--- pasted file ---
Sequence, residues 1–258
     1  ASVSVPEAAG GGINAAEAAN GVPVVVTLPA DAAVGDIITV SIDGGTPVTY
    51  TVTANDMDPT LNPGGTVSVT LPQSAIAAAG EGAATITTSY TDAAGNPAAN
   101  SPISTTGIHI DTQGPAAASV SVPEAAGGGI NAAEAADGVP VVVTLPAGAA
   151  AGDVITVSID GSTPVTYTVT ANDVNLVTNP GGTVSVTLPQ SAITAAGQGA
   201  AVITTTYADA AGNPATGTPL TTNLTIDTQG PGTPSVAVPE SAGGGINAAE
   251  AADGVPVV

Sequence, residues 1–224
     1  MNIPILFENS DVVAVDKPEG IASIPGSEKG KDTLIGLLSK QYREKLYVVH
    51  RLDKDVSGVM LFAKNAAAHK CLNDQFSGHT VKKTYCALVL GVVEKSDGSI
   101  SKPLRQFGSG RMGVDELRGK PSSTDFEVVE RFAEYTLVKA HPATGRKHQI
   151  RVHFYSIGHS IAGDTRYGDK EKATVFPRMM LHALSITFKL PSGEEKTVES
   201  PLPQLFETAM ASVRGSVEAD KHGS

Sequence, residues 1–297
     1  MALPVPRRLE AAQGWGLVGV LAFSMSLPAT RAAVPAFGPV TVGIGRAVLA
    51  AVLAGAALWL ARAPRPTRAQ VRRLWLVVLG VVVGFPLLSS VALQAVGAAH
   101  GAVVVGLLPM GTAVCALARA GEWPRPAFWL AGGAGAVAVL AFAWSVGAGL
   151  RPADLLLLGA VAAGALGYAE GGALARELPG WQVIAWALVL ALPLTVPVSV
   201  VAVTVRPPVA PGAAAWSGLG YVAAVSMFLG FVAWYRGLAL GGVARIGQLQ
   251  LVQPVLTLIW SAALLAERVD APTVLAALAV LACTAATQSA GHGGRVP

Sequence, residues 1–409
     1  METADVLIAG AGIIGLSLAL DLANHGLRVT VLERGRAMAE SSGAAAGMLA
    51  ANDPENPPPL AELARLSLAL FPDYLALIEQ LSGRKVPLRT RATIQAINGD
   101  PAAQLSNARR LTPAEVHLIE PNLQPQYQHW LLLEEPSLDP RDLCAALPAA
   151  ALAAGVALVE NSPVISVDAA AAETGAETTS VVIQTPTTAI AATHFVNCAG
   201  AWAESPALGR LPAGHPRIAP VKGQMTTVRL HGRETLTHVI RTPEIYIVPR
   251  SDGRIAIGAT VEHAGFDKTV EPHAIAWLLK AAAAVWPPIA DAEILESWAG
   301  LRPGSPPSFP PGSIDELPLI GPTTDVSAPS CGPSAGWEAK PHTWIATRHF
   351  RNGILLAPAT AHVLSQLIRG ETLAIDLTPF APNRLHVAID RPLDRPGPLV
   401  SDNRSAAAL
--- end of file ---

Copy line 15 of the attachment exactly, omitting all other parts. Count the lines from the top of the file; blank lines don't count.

     1  MALPVPRRLE AAQGWGLVGV LAFSMSLPAT RAAVPAFGPV TVGIGRAVLA